A quick guide to understanding two key types of surveys and how they affect your data.
Any government organization conducting a survey should know the difference between two main kinds of surveying: probability and nonprobability.
A probability survey allows everyone in the community an equal chance of receiving a survey.
A nonprobability survey allows anyone the chance to participate in a survey, which can lead to an abundance or lack of responses from certain groups.
But what do the two different types mean for you and how do they affect your data? Here is a simple guide to understanding these two survey types and the benefits of each.
Why Probability Surveys Are Important
The key difference is that probability surveys achieve greater representativeness. That means the results will better reflect your community as a whole, including often unheard groups.
Probability surveying is also considered the gold standard in survey science due to its rigorous methodology.
"With probability surveying, each person has an equal chance of being selected to take the survey," said Erin Caldwell, Survey Research Principal at Polco.
For example, say there are 1000 residents in a community and you are sending out 100 surveys. Through random selection, each person equally has a 1 in 10 chance of being picked to take the survey.
But there's more to this equation. Research shows certain types of people are more likely to respond to surveys than others.
Who do you think is more likely to fill out a community survey: a 21-year-old student who rents an apartment or a 65-year-old retired homeowner?
If you guessed the retired homeowner, you are right. Young people are notoriously difficult to reach through surveys. Renters are also less likely to respond. Yet the average American city is comprised of 20 to 25% people aged 18 to 35 years old. The U.S. Census shows 36% of people rent. It’s important to get their feedback for data that accurately reflects your community.
Because of this, researchers will send more surveys to groups that are less likely to respond to increase the chances of getting feedback among those groups. This strategy, called oversampling, captures more voices from underheard groups.
This is a huge benefit to probability surveying and is often what local governments are seeking more than anything else.
To recap, here are the pros of probability surveys.
Benefits of Probability Surveys
Gold standard, quality data – You will get the best community data through probability surveys. When local governments use data state plans or grant applications, they must feel confident in their data. The best way to achieve that confidence is through probability sampling.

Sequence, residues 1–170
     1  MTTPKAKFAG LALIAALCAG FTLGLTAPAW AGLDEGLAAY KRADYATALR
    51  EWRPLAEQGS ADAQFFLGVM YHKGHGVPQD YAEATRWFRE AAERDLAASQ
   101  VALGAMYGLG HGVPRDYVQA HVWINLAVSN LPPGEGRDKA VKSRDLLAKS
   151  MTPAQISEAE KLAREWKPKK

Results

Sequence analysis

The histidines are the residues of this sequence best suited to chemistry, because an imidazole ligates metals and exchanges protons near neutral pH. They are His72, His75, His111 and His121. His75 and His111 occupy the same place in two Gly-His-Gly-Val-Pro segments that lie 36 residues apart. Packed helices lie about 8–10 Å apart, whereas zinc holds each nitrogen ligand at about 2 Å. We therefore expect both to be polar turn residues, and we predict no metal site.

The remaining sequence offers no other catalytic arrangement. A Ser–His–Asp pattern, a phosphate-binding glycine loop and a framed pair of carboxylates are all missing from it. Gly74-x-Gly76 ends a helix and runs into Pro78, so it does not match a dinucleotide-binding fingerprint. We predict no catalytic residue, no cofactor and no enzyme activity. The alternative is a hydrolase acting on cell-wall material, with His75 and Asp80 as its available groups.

Greater representativeness – Getting feedback from underheard populations is essential to many local governments but so difficult to achieve. Probability sampling is one of the most effective ways local governments can get this information.
So Why Conduct Nonprobability Surveys at All?
Unlike probability surveys, nonprobability surveys are open to everyone. (At Polco, we refer to these as open participation surveys.) Often, nonprobability surveys are online-only and promoted through a government's communication channels and social media.
As mentioned, certain types of people are more likely to respond to surveys. This is the downside of nonprobability sampling; sometimes results do not represent an entire community.
You may wonder, "What’s the point of a nonprobability survey if it won’t reflect what my community thinks? Isn't that the point of surveying?"
There are many benefits to open participation surveys that still make them worthwhile.
Benefits of Nonprobability Surveys
Supplement probability data – Responses on nonprobability surveys can strengthen the data from probability surveys. They often confirm what you see on the probability survey and boost confidence in your data.
Polco does offer auto-weighting, a survey technique that scientifically adjusts data to be more representative. Polco users can see their auto-weighted data directly next to their raw data.
Easier, faster, and often cheaper to conduct – Because nonprobability surveys are often conducted online, you can receive results instantly. Fast feedback is helpful to local governments that want to get a quick pulse on any topic in their community.
Give everyone a chanceto participate – Some people who didn’t receive a probability survey may feel left out. "If I get the survey, my neighbor may be sort of upset that they didn't also get one because they want to give their opinion, too," Caldwell said. "So the nice thing about open participation surveys is it gives everyone a chance to participate."
Capture low-hanging fruit and direct more outreach to underheard groups – If you know you can instantly get feedback from a certain demographic with a nonprobability survey, you can then direct more time and resources to get resident feedback from underheard groups.
Leveraging both types of surveys' strengths can deliver a comprehensive and well-informed understanding of your community's needs while giving everyone a seat at the table. A thoughtful combination of probability and nonprobability surveys can empower local governments to make impactful decisions based on quality data.
Interested in Conducting a Community Survey?
With Polco, you have access to a range of surveys and tools to easily engage your residents for different local government needs. An in-house team of data and survey scientists conduct probability surveys for you, so you know your results are accurate, reliable, and reflect your city's entire demographics. You can also access a library of pre-built nonprobabilty surveys to gain quick feedback on any important topic. To learn more about how Polco can help you engage your community, please reach out to one of our experts.